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After a Couple of Bad Years Brazil’s Footwear Industry Is Bullish

Shoe factory in BrazilBrazil and Argentina are expected to gather early February in Buenos Aires to assess how bilateral trade has been evolving and to plan the next steps to keep improving trade relations between Mercosur senior members.

The two countries have repeatedly clashed over the so-called non automatic import licenses, contemplated under World Trade Organization and which Argentina has stamped on several Brazilian sectors that complained bitterly to government demanding “reciprocal measures.”

According to Ivan Ramalho head of Brazil’s Development, Industry and Foreign Trade office a first meeting of technical staff will take place February 4 and the following day a ministerial meeting with the head of Finance, Guido Mantega and Foreign Affairs Celso Amorim.

“My perception is that there have been improvements in the issue of the of licenses for all sectors. There will be an assessment in February,” said Ramalho following the opening of the Skin and Leather fashion show in São Paulo.

Precisely the Brazilian footwear sector was one which suffered the most given the delay from the Argentine government in liberating the automatic import licenses, which according to WTO rules have a maximum time of 60 days, but Buenos Aires authorities in some cases went as far as 240 days.

The bureaucratic problem together with Chinese competition, have made Brazil loose foot in Argentina’s footwear market.

However following months the emission of licenses was normalized.

“We verified a greater expediency in Argentina. We can’t say it’s extensive to all sectors, but there has been a significant improvement,” said Ramalho.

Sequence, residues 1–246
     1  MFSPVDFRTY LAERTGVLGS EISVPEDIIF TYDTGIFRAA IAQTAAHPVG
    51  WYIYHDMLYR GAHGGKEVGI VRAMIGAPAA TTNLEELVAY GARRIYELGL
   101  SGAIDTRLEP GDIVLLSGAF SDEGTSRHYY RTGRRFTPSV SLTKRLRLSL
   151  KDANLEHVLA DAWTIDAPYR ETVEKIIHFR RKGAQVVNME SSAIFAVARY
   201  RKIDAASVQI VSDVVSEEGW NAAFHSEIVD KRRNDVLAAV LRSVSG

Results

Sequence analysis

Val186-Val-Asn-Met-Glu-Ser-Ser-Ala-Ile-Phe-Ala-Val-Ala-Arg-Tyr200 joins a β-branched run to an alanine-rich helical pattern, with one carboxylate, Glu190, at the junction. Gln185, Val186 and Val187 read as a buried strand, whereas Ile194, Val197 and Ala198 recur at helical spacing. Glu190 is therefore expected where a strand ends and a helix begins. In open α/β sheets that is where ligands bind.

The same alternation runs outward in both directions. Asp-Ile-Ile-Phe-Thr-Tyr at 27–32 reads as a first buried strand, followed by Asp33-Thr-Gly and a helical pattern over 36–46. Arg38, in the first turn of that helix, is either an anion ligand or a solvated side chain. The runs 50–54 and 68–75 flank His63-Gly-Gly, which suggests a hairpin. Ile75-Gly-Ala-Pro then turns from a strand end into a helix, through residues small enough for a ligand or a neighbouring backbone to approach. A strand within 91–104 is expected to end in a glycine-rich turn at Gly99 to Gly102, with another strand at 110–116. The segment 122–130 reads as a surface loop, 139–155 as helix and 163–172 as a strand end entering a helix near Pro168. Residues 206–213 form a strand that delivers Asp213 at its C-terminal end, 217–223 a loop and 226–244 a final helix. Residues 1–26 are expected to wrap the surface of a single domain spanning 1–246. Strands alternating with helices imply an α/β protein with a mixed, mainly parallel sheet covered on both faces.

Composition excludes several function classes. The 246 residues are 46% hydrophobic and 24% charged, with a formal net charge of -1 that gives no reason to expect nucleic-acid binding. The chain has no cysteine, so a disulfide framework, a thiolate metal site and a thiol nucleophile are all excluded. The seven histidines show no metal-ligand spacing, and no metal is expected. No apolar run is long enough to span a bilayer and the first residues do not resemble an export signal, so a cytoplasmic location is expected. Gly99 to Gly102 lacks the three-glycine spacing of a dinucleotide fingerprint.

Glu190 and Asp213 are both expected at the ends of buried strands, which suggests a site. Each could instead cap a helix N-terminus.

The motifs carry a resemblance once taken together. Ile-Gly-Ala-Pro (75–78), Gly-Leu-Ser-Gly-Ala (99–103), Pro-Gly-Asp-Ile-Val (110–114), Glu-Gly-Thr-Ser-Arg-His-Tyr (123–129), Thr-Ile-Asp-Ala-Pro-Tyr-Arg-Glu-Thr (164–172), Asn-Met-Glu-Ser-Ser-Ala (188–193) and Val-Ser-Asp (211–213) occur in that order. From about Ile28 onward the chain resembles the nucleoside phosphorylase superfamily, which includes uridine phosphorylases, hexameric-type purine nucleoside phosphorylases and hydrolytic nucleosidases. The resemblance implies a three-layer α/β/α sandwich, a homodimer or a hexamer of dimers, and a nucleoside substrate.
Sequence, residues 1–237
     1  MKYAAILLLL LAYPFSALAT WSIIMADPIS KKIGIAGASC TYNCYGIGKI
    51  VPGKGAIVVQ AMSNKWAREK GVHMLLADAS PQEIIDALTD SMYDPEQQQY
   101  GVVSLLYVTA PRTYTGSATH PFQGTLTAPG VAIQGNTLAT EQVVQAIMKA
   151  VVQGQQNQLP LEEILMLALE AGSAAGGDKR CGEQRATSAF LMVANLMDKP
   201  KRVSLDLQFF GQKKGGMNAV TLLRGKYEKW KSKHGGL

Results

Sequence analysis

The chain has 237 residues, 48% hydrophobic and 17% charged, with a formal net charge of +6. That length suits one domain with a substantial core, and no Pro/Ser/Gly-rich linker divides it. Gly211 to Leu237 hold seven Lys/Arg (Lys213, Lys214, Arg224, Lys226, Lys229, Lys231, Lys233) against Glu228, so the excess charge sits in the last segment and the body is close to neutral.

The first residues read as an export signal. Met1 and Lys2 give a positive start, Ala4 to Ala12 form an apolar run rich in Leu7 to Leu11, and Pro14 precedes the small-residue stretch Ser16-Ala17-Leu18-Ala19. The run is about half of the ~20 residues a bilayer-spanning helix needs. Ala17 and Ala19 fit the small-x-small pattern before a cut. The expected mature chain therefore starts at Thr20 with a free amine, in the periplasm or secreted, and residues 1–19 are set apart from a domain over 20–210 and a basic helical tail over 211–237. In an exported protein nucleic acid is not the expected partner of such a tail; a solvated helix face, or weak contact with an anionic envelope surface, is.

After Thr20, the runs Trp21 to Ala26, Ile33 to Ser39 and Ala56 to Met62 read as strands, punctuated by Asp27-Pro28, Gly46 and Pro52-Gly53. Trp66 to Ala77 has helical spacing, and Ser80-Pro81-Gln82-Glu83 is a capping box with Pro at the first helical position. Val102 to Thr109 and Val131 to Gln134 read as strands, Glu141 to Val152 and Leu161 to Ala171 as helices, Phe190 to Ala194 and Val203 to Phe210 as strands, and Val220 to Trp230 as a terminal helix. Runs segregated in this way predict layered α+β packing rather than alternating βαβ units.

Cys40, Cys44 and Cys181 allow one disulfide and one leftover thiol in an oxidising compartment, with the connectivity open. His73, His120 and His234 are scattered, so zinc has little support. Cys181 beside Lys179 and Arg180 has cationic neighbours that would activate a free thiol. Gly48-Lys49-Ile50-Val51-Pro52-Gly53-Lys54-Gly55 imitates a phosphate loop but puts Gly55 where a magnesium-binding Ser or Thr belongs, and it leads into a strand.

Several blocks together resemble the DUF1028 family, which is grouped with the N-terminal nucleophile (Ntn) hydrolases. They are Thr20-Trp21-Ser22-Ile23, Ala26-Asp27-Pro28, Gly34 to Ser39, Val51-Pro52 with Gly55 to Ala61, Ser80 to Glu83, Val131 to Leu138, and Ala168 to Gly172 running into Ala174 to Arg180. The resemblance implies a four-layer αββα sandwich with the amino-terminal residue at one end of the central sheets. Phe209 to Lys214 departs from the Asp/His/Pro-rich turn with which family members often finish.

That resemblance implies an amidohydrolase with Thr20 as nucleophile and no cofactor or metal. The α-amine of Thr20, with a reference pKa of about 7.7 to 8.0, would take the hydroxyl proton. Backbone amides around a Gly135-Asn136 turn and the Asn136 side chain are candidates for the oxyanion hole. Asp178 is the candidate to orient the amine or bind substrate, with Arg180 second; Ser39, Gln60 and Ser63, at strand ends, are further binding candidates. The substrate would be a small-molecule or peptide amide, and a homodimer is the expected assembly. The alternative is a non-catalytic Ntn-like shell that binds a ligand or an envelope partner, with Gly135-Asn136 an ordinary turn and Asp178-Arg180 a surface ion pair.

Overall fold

According to the Brazilian Footwear Industry, Argentina purchased 12.9 million pairs of shoes in 2009 (up 10.2% from 2008) for which it paid US$ 142.4 million (10.5% over the previous year). Argentina is the second most important market for Brazilian footwear.

Brazilians have a strong leverage over Buenos Aires since they are the main trade partner for Argentina.

Meantime the Brazilian shoe sector is waiting for the final ruling regarding dumping claims against Chinese footwear.

“This is the final process which will then be assessed by the Chamber of Foreign Trade, probably in February. The sector has already managed to have a provisional anti dumping levy of US$ 12.47 stamped per pair of shoes. We want the levy increased to US$ 18.47 and have the levy extended for a five year period,” said Milton Cardoso president of the Brazilian Footwear Industry.

Ramalho said that normally when a decision is taken to apply provisional levies, “officials from the fair trade area usually have already concluded there are serious indications of dumping, with the possibility of serious damage for Brazilian industry.”

Ramalho said that the common external tariff on footwear imports to Brazil has been risen to 35%.

Cardoso claims the footwear sector in Brazil lost 42.000 jobs in the last quarter of 2008 because of Chinese imports. However in 2009, 30.000 jobs were recovered.

“The reaction has been so strong and prospects so good that we estimate that by 2011 we will have 400.000 jobs in the shoe industry,” added Cardoso.

According to Brazil’s Ministry of Labor, the shoe industry employed 327.000 people at the end of December 2009. This year the sector should expand 7.5%.

Mercopress

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